Some 40% of Kiwis who own a smart device with listening capability say they've received social media posts and ads about a topic they talked about aloud.
That's according to a weighted survey of 1000 adult New Zealanders, release by Unisys this morning.
The survey also found half of respondents (47%) support the government collecting this information to identify who is in the vicinity of a disaster. Yet only 20% support the government monitoring an individual's travel patterns to plan roads and public infrastructure. Nearly four in 10 (38%) support airports and airlines collecting information to efficiently guide a passenger's journey through an airport, but only 10% support an employer doing the same to monitor an employee's location during the workday.
With smart devices, 12 per cent of respondents said a virtual assistant on their smartphone/watch asked for more infomation even though I had not turned the assistant on.
And the same percentage reported a smart speaker had woken up and asked for more information, without them using an activation phrase.
Are New Zealanders right to be paranoid about the likes of Amazon's Alexa, Apple's Siri Google's Assistant?
All three companies have, in the past, copped to recording what you say - but they have also emphasised that that recordings are anonymised, in an automated process controlled by machines, and that their employees can't access individual accounts.
More disturbingly, it has also been revealed that all three - plus Facebook - have given humans access to recordings to transcribe. The spin is that this will help deliver better service.
Just yesterday, the Herald reported that Apple has apologised for allowing contractors to listen to audio recordings of customers' Siri communications in order to grade them.
Last month the Guardian revealed contractors were tasked with grading the accuracy of the digital assistant which had overheard conversations - topics included talk about doctors appointments, drug deals and even couples having sex.
Apple said it had decided to make changes to Siri as a result of a review into the grading programme, it said in an unsigned statement to its website.
"As a result of our review, we realise we have not been fully living up to our high ideals, and for that we apologise," Apple said.
All of the players in this market are now offering tighter privacy controls over how a smart device operates. Privacy Commissioner John Edwards has welcomed that trend, but also said that he strongly prefers a "privacy by design" approach where such controls are obvious and up-front, not hidden in fine print or after screed of other options.
Edwards recently posted a link to Wired's guide to taking charge. Here are some highlights:
When Alexa and Google Assistant capture your voice, they store those recordings indefinitely, but they do provide a way to delete them if you want. Apple, meanwhile, says it analyzes and deletes these snippets automatically, so there's no history for you to comb through. As with Amazon and Google, though, Apple does use human reviewers to evaluate a subset of recordings. These each receive a random ID number and are stored for six months, after which they are stripped of that ID and may be stored for up to two more years.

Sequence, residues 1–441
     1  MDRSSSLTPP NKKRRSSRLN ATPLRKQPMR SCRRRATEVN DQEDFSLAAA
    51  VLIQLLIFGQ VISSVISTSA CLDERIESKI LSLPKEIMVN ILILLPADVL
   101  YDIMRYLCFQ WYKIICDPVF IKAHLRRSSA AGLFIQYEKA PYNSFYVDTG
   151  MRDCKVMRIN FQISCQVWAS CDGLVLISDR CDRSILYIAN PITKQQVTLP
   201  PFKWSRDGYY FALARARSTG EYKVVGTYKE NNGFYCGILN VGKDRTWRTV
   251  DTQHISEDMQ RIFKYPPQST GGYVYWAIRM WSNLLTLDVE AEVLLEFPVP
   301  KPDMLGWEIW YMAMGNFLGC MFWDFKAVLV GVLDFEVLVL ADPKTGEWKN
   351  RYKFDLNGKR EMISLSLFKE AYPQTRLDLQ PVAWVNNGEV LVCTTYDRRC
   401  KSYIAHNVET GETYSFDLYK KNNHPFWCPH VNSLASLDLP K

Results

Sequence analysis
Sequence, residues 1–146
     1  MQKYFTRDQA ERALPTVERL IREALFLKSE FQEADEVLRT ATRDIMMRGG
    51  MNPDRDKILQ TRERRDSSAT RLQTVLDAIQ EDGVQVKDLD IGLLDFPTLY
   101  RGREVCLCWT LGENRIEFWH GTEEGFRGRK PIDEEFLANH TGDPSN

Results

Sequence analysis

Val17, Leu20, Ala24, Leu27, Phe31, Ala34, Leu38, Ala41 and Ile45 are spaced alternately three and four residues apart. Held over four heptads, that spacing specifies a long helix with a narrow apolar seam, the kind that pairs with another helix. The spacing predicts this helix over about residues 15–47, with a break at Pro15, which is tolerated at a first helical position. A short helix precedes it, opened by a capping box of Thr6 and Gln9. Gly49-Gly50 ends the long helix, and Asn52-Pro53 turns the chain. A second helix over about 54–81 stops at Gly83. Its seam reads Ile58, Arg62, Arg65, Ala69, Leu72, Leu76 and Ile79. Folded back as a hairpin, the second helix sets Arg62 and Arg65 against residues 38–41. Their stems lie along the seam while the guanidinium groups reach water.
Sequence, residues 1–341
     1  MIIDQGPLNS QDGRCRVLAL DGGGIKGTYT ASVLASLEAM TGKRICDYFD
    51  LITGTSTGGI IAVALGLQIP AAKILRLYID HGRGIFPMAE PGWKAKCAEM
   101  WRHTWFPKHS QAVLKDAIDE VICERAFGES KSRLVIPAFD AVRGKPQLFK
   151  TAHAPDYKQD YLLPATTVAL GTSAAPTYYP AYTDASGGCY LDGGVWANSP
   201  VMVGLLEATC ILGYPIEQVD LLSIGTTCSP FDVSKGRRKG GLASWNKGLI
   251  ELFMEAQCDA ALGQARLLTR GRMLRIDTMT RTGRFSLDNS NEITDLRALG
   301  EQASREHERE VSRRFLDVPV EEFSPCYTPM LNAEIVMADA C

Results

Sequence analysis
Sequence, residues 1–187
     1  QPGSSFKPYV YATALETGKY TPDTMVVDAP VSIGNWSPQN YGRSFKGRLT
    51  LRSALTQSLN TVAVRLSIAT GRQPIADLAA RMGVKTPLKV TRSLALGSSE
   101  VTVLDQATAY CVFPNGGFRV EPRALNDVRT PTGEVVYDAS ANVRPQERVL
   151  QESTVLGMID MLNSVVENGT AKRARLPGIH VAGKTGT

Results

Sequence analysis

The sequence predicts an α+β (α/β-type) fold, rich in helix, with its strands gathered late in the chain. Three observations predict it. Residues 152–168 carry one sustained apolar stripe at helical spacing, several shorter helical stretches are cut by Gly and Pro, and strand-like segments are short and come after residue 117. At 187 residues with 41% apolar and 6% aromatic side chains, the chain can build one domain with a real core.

To delete your Alexa history, open the Alexa app on your phone and go to Settings > History. In this view you can only delete entries one by one. To delete en masse, go to Alexa Privacy Settings on Amazon's website and then choose Review Voice History.
For Google Assistant, go to myactivity.google.com and click the three dots in the upper-right corner. Then choose Delete Activity. Then you can choose a date range - today, yesterday, last 7 days, last 30 days, all time, or custom - for the entries you want to delete. Then navigate through All Products > Voice & Audio > Delete.
In Amazon's Alexa app, open the menu button at the top of the screen. Go to Alexa Account then Alexa Privacy and tap Manage how your data improves Alexa. Then turn off Help Develop New Features and Use Messages to Improve Transcriptions.
Smart speakers are designed to begin recording and processing what you're saying only when they hear their "wake word," but in practice they can often misinterpret other sounds and go a little rogue. One way to know for sure when your Echo or Google Home is recording? Turn on audible alerts so that the device emits a sound every time it spins up. Otherwise, you have to hope you catch the indicator light flashing at the right time.
In the Alexa app go to Settings and pick a device. Then choose Sounds and go to the Request Sounds section. Then turn on start and end of request sounds.
For Google Home, open the Google Home app. Choose the device you want to manage. Tap Settings and then Accessibility under Device Info. Google offers two options: Play Start Sound and Play End Sound. Turn them both on to get the best idea of when a recording session begins and ends.
For HomePod, open the Home app, select your device and then Details. Turn on Sound when using Siri.
The easiest way to ensure that no one is listening through your smart assistant's microphone is to mute the device. Amazon Echo has a mute button on top, and Google Home has one on the back towards the top of the device. Apple HomePod doesn't have a physical mute button, but there is a toggle in the Home app under Details for the device you want to mute. Turn Hey Siri off to cut the mic. You can also say, Hey Siri, stop listening, and then confirm, Yes.
Another way to make sure that no one can remotely access or manipulate your smart assistant is to lock down your Apple ID, Google, and Amazon accounts. Choose a strong, unique password and turn on two-factor authentication to make it harder for anyone to get in from afar.
And don't forget that all three devices also have an additional, almost magical feature that can be used to comprehensively address every type of privacy concern: the power cord.